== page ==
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Christopher Mims

A View from Christopher Mims

Women Key to Successful Startups, Suggest Studies

Groups that include women and men outperform those comprised of only one gender.

  • March 21, 2012

The thing that is often overlooked about diversity is that teams composed of something other than a cognitive monoculture often have a competitive edge over their less-diverse counterparts. Take, for example, gender in tech companies.

Twitter: Run by men, can’t make money. Coincidence?

The inimitable Eric Barker of the must-read social science and psychology blog Barking up the wrong tree has gathered a handful of studies on this subject, and I think of them every time I’m assembling a team.

Granted, this entire enterprise is colored by society’s and my own (ever-shifting) assumptions, so I’m not making any claim whatsoever as to the immutability of the claims made below.

Here are the takeaways:

1. Small teams of two to five members perform better when they include at least one woman.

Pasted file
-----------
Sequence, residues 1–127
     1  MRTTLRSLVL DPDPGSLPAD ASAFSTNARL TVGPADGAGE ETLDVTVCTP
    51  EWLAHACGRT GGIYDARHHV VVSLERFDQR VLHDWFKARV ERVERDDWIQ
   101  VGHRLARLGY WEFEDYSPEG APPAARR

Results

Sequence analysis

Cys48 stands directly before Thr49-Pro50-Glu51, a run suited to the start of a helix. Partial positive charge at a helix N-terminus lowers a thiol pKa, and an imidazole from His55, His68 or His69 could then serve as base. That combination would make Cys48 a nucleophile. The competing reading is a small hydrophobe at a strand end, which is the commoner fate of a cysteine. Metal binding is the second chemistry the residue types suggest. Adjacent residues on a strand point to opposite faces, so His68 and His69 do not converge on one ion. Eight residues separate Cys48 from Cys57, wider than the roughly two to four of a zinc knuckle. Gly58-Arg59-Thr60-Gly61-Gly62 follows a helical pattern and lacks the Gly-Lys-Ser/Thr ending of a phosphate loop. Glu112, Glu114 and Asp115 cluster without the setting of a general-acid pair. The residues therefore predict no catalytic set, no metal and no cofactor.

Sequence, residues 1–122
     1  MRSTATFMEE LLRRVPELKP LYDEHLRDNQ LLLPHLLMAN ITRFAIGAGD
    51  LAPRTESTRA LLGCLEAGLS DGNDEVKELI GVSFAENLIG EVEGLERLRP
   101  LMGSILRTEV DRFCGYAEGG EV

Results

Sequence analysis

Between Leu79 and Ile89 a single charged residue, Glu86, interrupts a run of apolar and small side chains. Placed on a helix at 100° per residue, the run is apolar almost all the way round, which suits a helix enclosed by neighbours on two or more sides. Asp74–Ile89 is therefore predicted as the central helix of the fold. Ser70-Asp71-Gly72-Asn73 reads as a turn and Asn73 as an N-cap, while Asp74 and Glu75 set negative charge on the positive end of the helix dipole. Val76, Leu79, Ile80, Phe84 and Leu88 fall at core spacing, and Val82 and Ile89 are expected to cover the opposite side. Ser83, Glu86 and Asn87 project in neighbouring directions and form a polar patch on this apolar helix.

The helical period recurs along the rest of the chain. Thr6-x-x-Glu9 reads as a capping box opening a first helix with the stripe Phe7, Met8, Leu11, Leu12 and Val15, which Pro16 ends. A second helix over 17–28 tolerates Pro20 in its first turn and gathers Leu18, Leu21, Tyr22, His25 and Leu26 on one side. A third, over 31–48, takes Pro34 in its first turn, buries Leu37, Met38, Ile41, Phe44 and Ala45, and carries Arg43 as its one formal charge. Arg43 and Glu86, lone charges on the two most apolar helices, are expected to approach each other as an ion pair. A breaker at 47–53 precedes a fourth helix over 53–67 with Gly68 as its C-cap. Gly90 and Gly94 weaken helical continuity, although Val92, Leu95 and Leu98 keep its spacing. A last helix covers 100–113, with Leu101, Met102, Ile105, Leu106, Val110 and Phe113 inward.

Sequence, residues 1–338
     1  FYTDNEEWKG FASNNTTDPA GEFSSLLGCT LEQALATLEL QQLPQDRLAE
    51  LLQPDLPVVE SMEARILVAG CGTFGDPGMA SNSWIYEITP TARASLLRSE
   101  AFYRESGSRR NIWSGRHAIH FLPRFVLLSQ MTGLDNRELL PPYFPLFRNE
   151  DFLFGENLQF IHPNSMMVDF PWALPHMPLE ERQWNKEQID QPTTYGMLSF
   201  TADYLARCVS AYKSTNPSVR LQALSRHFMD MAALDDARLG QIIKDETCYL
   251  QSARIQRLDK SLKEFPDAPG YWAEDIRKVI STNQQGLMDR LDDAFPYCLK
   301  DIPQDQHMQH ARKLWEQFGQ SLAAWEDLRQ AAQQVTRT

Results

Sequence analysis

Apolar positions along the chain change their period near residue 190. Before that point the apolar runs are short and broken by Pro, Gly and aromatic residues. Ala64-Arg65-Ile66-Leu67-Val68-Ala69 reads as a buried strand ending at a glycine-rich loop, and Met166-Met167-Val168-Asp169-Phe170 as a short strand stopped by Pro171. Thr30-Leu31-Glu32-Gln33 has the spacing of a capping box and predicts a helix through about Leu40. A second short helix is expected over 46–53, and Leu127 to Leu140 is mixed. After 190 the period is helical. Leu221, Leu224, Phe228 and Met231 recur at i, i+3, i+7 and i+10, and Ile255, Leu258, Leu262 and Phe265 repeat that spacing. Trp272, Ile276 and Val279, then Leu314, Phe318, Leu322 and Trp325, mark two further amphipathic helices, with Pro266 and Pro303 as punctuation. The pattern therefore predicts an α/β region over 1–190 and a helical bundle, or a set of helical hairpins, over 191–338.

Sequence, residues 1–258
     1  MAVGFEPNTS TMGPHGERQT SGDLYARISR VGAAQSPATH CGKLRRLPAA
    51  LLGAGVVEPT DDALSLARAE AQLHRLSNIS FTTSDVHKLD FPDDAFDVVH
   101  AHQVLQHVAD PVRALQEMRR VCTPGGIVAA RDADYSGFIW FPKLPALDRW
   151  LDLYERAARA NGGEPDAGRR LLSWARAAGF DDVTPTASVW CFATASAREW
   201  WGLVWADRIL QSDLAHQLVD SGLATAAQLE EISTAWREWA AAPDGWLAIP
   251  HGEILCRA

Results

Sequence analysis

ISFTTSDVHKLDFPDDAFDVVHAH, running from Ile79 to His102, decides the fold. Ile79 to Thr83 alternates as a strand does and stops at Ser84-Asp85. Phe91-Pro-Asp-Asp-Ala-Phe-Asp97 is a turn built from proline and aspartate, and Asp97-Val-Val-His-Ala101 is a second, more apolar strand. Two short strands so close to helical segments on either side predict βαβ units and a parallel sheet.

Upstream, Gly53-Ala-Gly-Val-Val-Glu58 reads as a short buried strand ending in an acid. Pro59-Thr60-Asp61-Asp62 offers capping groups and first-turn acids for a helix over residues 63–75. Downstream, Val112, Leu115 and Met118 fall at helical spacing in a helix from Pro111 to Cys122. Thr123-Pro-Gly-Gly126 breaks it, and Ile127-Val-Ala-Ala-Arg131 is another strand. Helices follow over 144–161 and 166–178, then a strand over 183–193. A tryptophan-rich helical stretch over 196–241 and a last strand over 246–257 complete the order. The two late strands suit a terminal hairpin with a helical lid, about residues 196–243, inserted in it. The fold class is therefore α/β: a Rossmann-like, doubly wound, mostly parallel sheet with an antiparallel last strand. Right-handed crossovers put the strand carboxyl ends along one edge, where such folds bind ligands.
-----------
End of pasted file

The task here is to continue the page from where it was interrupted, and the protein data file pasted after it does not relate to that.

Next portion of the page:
In a study published in Science, team performance only weakly correlated with average intelligence of members. But there was a great deal of correlation with the average “social sensitivity” of group members.

In an interview published at Mind Hacks, the authors of the study explained that groups ruled over by smart but autocratic personalities were not very effective as a group. In other words, having someone mansplain to you why you should be doing it his way is a recipe for failure.

More: What makes teams smart?

2. In at least one study, teams of three that included one woman outperformed all others.

In the same study, teams of three women performed worse than all other possible combinations. From the abstract: “We observe that three women teams are less aggressive in their pricing strategies, invest less in R&D, and invest more in social sustainability initiatives, than any other gender combination teams.”

More: How does gender affect teamwork at the office?

3. If you want to attract more women to a field / firm, one solution may be to make sure it’s not competitive in the wrong way.

Some people are drawn to extremely competitive environments – countless female entrepreneurs, politicians and celebrities come to mind – but it appears that on average, women may shy away from competitive environments with certain characteristics.

From the abstract:

…[W]omen disproportionately shy away from competitive work settings. Yet, there are important factors that attenuate the gender differences, including whether the job is performed in teams, whether the job task is female-oriented, and the local labor market.

More: Do women avoid competitive work environments?

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